In 1968, Duke Energy began construction on a series of dams along the Keowee and Little Rivers in Oconee County, South Carolina. The dams would create water reservoirs for one of the largest combined hydro-electric and nuclear power facilities in the nation. The lakes created by the project, Keowee and Jocassee, and the parks built to facilitate boat landings and recreational sites have served as major tourist attractions for over forty years.
This narrative presented by Duke Energy and local government focuses on the recreational activities, power generation, and economic development facilitated by the creation of Lake Jocassee and Lake Keowee. However, to create these massive water reservoirs, valleys where people have lived for generations had to be flooded. Homes, hotels, churches, the remnants of a Cherokee village, and a summer camp for girls now lie beneath Lake Jocassee and thousands of acres of once prosperous farmland are now covered by the waters of Lake Keowee.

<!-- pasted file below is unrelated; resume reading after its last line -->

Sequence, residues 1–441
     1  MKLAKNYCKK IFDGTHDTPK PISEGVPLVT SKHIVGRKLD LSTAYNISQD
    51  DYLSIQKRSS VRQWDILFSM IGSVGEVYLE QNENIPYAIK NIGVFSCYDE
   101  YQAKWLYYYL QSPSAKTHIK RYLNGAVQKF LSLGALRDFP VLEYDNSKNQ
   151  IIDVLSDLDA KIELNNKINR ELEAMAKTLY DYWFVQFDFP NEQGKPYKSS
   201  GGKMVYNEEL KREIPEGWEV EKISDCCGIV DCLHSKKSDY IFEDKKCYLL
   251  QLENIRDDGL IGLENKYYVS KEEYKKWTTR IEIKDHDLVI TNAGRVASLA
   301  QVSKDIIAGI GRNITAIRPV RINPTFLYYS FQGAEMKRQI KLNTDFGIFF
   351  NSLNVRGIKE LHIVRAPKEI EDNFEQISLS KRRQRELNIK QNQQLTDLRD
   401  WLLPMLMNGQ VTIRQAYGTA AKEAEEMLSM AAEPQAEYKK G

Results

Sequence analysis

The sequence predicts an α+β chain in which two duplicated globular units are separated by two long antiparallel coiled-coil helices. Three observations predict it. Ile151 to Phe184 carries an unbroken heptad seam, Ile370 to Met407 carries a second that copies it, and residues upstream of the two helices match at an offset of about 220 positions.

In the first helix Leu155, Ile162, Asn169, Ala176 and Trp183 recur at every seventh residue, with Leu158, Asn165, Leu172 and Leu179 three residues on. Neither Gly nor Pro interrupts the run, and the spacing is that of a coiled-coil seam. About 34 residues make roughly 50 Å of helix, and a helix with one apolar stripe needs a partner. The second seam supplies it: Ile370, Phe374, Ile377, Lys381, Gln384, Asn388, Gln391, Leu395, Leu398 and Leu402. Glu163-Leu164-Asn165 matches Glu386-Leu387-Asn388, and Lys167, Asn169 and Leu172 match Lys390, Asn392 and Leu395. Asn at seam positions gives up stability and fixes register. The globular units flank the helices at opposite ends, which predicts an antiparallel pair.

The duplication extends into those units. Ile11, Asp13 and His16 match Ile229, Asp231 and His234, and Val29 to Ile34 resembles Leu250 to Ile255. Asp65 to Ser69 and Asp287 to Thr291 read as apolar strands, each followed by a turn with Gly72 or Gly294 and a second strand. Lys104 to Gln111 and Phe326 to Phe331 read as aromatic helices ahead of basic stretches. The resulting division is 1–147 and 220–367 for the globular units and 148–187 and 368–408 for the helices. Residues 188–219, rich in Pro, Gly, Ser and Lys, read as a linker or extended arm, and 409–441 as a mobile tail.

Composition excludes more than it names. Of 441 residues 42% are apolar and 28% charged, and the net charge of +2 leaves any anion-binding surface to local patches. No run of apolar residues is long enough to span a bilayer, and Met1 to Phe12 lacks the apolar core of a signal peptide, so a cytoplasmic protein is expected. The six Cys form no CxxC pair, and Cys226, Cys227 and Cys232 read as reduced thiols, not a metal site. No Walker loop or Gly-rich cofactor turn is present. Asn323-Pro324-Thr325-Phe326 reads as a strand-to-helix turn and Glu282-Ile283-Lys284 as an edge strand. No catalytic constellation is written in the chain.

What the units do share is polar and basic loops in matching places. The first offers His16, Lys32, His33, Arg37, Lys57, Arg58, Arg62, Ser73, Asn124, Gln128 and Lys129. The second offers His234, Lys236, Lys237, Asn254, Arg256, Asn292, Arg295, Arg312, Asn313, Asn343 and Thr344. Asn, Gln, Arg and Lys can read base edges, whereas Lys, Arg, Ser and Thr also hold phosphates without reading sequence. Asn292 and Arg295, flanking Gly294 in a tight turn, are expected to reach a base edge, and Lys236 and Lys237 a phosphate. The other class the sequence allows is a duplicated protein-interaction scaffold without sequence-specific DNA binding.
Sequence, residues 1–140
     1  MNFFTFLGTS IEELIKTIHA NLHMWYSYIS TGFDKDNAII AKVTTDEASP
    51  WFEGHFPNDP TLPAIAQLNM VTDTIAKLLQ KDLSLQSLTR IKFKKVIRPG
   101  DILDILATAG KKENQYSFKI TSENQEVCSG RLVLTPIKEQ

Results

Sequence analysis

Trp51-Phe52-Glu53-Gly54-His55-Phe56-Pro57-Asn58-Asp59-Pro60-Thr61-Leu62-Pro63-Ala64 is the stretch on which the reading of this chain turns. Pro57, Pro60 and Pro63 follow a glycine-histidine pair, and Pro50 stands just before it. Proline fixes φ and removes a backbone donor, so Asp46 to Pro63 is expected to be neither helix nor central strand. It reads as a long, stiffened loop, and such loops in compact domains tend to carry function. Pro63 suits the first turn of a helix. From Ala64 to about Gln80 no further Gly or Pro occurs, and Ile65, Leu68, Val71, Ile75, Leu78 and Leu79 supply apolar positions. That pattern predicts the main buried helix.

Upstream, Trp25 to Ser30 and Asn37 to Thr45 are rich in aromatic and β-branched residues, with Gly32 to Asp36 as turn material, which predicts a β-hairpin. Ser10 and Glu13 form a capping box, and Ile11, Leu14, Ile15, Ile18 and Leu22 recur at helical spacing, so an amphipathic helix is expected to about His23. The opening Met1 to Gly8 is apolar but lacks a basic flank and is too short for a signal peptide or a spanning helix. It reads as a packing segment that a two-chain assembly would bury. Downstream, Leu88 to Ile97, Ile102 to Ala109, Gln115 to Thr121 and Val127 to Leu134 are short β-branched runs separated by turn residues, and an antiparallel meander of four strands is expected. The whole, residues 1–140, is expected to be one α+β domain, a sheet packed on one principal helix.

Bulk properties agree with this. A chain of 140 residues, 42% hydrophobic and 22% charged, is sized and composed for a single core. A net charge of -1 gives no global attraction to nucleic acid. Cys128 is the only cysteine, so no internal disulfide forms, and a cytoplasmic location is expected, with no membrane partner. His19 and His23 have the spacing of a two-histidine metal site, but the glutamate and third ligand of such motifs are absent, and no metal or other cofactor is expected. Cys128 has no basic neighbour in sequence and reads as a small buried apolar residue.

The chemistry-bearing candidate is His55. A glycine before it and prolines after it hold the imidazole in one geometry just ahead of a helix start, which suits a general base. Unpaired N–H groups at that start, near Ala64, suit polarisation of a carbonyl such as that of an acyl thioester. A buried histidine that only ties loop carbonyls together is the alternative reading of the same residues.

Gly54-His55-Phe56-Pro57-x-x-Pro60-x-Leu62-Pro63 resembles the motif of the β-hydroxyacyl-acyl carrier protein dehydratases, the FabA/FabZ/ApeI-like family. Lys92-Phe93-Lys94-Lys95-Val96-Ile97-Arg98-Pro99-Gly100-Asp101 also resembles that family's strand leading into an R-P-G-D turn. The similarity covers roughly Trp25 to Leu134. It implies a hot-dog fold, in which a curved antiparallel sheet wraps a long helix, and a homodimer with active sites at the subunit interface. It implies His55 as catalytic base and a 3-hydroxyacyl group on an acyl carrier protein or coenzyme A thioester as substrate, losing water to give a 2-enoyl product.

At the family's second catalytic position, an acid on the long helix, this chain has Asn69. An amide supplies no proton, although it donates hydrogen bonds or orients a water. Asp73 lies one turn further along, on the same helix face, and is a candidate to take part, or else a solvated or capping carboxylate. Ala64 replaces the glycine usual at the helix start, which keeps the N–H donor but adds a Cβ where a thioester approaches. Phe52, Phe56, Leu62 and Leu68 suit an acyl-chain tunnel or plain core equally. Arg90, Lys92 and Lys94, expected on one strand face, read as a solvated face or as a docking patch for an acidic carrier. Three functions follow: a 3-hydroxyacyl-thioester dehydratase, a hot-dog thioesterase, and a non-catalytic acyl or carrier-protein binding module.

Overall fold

The purpose of this study is to critically evaluate the Keowee-Toxaway Project and to discover diverse narratives from the point of view of people that were displaced, groups or organizations that spoke out against the project, and the position taken by the Cherokee Nation who retain some archeological authority around the lakes. In doing so, I will make direct comparisons with the Tennessee Valley Authority (TVA) removals in the 1930’s, examine who directly and indirectly benefitted from the project, how locals were treated in their removal, and how the project was presented in local media.